Dateline-Saigon tells a story of five journalists who, at great peril, dared to challenge a president and the conventional wisdom of the entire national security establishment. While vividly illuminating events of a half century ago, its relevance to what is happening today is remarkable. Anyone who cares about the future of journalism must see this extraordinary movie.
In the era of Trump, “Dateline–Saigon” tells a vital tale of a group of journalists who fought to tell the world a painful and important story even as their own government was trying to discredit them. Narratively powerful, this film is a distant mirror on a present-day drama: the ability of courageous citizens to speak truth to power.
“Dateline-Saigon” brings us back to an era when journalists pursued a noble mission and what they reported mattered. Its five heroes shaped history and elevated their craft. I hope this terrific film can inspire us today to restore that sense of calling and honesty, both to journalism and to our society.
Very moving. A great tribute to the journalists who first put the Vietnam War on the front page of American newspapers. They were an inspiration to the rest of us who followed them into the paddies and jungles of Vietnam to report on the war. They were my heroes and have now become the stuff of legends. An important documentary of an important era of journalism. Five stars.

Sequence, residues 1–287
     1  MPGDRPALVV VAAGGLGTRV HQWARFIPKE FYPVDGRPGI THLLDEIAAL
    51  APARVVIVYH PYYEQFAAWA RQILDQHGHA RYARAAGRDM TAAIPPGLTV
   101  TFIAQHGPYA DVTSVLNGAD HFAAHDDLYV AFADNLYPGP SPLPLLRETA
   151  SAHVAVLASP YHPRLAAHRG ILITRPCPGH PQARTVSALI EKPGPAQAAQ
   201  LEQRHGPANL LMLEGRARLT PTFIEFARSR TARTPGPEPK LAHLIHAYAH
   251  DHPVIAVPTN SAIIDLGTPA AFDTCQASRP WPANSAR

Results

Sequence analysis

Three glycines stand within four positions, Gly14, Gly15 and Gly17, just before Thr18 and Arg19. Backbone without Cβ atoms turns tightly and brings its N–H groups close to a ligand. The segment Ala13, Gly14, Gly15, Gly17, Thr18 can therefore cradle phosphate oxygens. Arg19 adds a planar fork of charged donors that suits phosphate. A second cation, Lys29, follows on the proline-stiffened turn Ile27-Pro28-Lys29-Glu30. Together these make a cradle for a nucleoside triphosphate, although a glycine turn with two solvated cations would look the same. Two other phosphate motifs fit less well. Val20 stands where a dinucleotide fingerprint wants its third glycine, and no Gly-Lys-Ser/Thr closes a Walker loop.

Dateline-Saigon produced a wave of sad nostalgia for a war and a time when America lost its innocence and later a conflict in which it had only marginal national interest. It was a time though when young journalists learned to cover a different kind of war, and became the educational tool for informing the American people about the realities of what was happening in Vietnam.
One of the finest films ever made about contemporary journalism. It shows how a handful of brave re-porters brought truth about the Vietnam War to Americans, despite every effort by our government to stop them. A moving tribute to the power of the press and the ability of journalists to resist the dictates of power.
A splendid account of the remarkable group of reporters who went to Vietnam at the dawn of America’s military involvement and told the story as they saw it—to remarkable and lasting effect. If it’s true that journalism is the first rough draft of history, theirs is a collective effort that endures. A wonderfully absorbing film.